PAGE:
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Tips for Drafting the PERM Job Description

The PERM green card process is quite a time-consuming and expensive investment that requires technical review and thoughtful strategizing at the outset. The full PERM process itself before filing an I-140 petition takes months, typically at least six to eight at a minimum. 

When working with my clients, we spend a good amount of time at the very beginning of the matter to confirm the job description and establish the minimum requirements for the position. In doing so, I have a few tips for employers and employees to keep in mind.

To start, it’s really important to remember that the PERM positon is technically considered to be a future position the employee will take on when the green card is issued. It could be the same position the applicant currently has, but it doesn’t have to be. We then want to ask, “Well, how long will it take for the employee to get that green card?” This answer will depend on the applicant’s country of birth and whether they’re subject to a backlog. Some candidates will be eligible to file an Adjustment of Status application right away, while others – particularly Chinese and Indian nationals – might have to wait at least 5, 8, maybe even 10 years before they can expect the green card. This is important, because if information noted on the PERM is vastly different from the position the employee holds when an Adjustment of Status application is filed, that can be problematic.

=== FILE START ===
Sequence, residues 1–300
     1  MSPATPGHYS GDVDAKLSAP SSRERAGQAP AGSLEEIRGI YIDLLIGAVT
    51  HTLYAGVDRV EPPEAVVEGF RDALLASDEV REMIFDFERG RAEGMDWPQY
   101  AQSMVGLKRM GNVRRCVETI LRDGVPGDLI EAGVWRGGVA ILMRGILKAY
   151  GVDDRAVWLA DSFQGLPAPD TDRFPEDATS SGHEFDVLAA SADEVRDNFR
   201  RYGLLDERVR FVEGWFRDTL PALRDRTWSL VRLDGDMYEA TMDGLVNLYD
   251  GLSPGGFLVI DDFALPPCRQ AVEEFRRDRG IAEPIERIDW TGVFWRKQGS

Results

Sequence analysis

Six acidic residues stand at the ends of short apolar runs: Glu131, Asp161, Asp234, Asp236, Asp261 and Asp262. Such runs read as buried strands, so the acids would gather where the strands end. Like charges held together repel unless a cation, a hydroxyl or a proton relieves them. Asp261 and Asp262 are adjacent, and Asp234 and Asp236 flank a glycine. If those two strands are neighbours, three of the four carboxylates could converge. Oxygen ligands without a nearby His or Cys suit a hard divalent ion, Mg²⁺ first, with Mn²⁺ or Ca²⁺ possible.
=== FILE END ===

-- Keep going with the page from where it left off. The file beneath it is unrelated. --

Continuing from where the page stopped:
On the PERM, the employer must confirm the job title, duties, worksite location, and salary for the position. The PERM, when certified, will only be valid for the worksite location listed, so if there is a change in this, a new PERM would likely be required. Employers should keep this in mind for any office change locations or thoughts to relocate the applicant’s position. Promotions or pay raises that occur during PERM preparation and pre-filing can also undermine a PERM application; pay changes afterwards don’t tend to be problematic. Changes to job duties and job title don’t necessarily invalidate an approved PERM so long as they are part of the applicant’s natural career progression and generally within the same occupational category for which the PERM was approved. However, if an employer anticipates increased responsibilities for the applicant in the near future before the green card is issued, it would be wise to include some of these duties in the PERM itself. Note that if the applicant moves from the PERM job, like a Mechanical Engineer, to a different occupational category like that of a Sales Engineer, a new PERM would be required.

Establishing the employer’s absolute minimum job requirements and special skills is an important part of the case strategy. It’s imperative to identify only quantifiable and objective skills and requirements required for the position. Subjective criteria and unmeasurable preferences in a PERM case won’t make the cut for a successful case. 

It’s important to hash out these details upfront, as everything needs to be consistent throughout the PERM case. This includes details on the prevailing wage request, recruitment, the internal notice of filing, and the PERM itself. 

Here at Berardi Immigration Law, we are thorough in working through these details, and even more importantly, very experienced with these cases. Give us a call today to work on you or your employee’s PERM green card case. I promise you’ll be glad you did!